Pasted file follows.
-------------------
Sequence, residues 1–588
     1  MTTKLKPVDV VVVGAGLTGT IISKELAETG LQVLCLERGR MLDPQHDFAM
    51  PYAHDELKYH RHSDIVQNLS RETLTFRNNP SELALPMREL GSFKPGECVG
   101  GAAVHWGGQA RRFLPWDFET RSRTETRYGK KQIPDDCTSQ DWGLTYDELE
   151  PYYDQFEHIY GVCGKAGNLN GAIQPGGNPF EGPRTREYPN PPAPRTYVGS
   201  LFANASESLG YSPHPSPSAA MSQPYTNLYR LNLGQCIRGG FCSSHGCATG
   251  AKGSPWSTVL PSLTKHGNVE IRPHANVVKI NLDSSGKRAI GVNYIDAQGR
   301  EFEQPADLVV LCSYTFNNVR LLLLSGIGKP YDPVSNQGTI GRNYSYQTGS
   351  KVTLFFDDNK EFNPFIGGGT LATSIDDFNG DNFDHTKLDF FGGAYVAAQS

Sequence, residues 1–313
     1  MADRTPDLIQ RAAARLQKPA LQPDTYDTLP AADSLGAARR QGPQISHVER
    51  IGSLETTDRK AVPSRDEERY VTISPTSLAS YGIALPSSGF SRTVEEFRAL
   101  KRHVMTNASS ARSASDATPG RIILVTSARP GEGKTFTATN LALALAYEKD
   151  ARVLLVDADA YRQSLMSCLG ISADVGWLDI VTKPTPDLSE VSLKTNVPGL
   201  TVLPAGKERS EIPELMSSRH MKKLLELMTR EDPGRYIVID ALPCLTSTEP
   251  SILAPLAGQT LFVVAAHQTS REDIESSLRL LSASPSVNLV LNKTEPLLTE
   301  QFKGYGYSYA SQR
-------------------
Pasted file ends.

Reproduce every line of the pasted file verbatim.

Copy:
Sequence, residues 1–588
     1  MTTKLKPVDV VVVGAGLTGT IISKELAETG LQVLCLERGR MLDPQHDFAM
    51  PYAHDELKYH RHSDIVQNLS RETLTFRNNP SELALPMREL GSFKPGECVG
   101  GAAVHWGGQA RRFLPWDFET RSRTETRYGK KQIPDDCTSQ DWGLTYDELE
   151  PYYDQFEHIY GVCGKAGNLN GAIQPGGNPF EGPRTREYPN PPAPRTYVGS
   201  LFANASESLG YSPHPSPSAA MSQPYTNLYR LNLGQCIRGG FCSSHGCATG
   251  AKGSPWSTVL PSLTKHGNVE IRPHANVVKI NLDSSGKRAI GVNYIDAQGR
   301  EFEQPADLVV LCSYTFNNVR LLLLSGIGKP YDPVSNQGTI GRNYSYQTGS
   351  KVTLFFDDNK EFNPFIGGGT LATSIDDFNG DNFDHTKLDF FGGAYVAAQS

Sequence, residues 1–313
     1  MADRTPDLIQ RAAARLQKPA LQPDTYDTLP AADSLGAARR QGPQISHVER
    51  IGSLETTDRK AVPSRDEERY VTISPTSLAS YGIALPSSGF SRTVEEFRAL
   101  KRHVMTNASS ARSASDATPG RIILVTSARP GEGKTFTATN LALALAYEKD
   151  ARVLLVDADA YRQSLMSCLG ISADVGWLDI VTKPTPDLSE VSLKTNVPGL
   201  TVLPAGKERS EIPELMSSRH MKKLLELMTR EDPGRYIVID ALPCLTSTEP
   251  SILAPLAGQT LFVVAAHQTS REDIESSLRL LSASPSVNLV LNKTEPLLTE
   301  QFKGYGYSYA SQR